Vamps director Amy Heckerling has a good track record for taking books and turning them into light comic entertainment. Her two biggest films are Clueless, in which she gave a glossy 90s sheen to Jane Austen’s Emma, and Fast Times at Ridgemont High, which fictionalized Cameron Crowe’s non-fiction sociology experiment about California teens in the early 80s.
With Vamps, she takes the Dracula legend, lightens it up and turns it into a cute romantic comedy and fish-out-of-water tale. And while Vamps has some really nice parts, it is generally not close to being a complete bullseye. Those other two are deserved classics. Vamps will never be in that rarified air.
That said, taken on its own light level, Vamps is rather amusing.
In Vamps, Heckerling teams up with her Clueless star Alicia Silverstone again (also continuing the Clueless nostalgia Wallace Shawn has supporting roles in both films.) Clueless made Silverstone a star in the 90s and now that her career has returned to more earthbound levels, it is a nice reminder of the actress’ natural likability and charm. She plays Goody, a 200 year old vampiress who is trying to deal with life in modern Manhattan.
Her best friend is also a vampiress, Stacy (Krysten Ritter, a.k.a. The B—- in Apt. 23) has only been undead for about 20 years. They share a bachelorette pad (complete with matching coffins), go out to the clubs most nights and sleep all day. They are sweet, good vampires – they refuse to drink human blood, instead surviving on the blood of small (non-cute) animals, usually rats. In fact, these two gorgeous night-crawlers have a very unlikely gig as late night exterminators – but it does get them a huge food supply.
Their simple lives become complicated – as life so often does – because of love. Stacy meets a hot British grad student (Dan Stevens), not realizing that he is a non-believing member of the legendary vampire-hunting Van Helsing family. His father (Shawn) is certain that his son’s odd new girlfriend is a vampire, which turns out to be the ultimate in dating a girl your parents hate.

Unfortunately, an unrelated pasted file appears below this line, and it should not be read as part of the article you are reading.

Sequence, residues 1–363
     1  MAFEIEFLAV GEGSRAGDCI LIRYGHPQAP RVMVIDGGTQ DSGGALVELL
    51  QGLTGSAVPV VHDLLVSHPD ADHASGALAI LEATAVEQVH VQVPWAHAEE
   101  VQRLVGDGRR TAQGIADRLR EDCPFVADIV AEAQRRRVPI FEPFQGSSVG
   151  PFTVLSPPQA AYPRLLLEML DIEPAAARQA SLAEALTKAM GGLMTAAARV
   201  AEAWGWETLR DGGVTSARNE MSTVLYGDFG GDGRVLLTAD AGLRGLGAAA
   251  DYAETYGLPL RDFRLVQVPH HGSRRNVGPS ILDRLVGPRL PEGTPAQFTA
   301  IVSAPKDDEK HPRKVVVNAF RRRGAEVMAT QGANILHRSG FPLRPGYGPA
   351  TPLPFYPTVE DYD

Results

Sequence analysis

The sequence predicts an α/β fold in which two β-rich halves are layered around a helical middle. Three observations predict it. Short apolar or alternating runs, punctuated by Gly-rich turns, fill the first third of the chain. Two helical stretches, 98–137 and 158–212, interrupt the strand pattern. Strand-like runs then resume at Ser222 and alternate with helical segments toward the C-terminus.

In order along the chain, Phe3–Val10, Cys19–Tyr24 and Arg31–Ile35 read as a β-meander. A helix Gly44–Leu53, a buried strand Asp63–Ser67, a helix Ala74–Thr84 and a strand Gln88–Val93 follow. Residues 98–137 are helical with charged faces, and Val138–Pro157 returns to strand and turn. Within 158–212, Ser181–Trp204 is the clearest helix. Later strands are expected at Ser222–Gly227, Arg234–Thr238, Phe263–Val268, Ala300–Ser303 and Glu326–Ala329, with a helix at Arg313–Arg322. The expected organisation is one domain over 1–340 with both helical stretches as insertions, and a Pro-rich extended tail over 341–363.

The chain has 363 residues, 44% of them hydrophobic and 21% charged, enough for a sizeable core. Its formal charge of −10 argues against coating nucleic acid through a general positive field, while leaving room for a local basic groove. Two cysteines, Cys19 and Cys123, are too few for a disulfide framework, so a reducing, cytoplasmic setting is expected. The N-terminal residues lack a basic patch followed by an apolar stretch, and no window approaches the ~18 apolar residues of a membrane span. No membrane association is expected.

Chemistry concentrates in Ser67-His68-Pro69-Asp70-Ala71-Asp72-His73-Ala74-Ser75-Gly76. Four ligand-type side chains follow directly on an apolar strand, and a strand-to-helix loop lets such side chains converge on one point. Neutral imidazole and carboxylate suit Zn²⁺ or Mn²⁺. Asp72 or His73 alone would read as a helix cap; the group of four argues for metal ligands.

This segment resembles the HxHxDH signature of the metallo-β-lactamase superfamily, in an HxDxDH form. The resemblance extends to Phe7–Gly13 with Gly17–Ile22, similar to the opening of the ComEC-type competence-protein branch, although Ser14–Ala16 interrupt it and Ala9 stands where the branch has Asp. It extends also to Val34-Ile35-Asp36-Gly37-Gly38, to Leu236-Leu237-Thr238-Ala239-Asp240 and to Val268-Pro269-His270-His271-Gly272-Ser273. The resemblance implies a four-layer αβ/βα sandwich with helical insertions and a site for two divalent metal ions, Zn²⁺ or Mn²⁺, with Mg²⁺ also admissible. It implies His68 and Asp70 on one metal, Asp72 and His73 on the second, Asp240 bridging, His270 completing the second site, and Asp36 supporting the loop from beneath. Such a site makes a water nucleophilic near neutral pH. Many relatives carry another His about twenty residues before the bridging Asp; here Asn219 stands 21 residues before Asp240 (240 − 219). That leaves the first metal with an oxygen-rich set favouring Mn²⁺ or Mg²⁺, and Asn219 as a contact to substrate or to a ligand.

In the meantime, Goody runs across an aging lawyer (Richard Lewis) who she had dated back in the 60s and always felt was the one who got away – but how can she explain that she hasn’t aged forty years as he has?
In the meantime, their crazed Mistress (Sigourney Weaver) is on a killing bender and causing all the other vampires to be in danger of being hunted down.
It all sounds vaguely dramatic, but it really isn’t much. Vamps is light as a bat and almost never takes itself seriously. It is so slick that the one semi-tragic thing that does happen in the film happens on a crowded, spectro-vision lit Times Square.
First things first. Silverstone and Ritter have a nice chemistry together. And Heckerling’s direction is probably much more skilled than Heckerling’s screenplay deserves. It has an extremely strong cast beyond that – hell, they even got Gael Garcia Bernal to play a cheesy pop star on Telemundo and Marilu Henner to be a critically ill hospital patient.
You just can’t take Vamps seriously. It’s all rather silly, a tiny bit stupid, but more amusing than it really has any right to be.
Copyright ©2012 PopEntertainment.com. All rights reserved. Posted: November 13, 2012.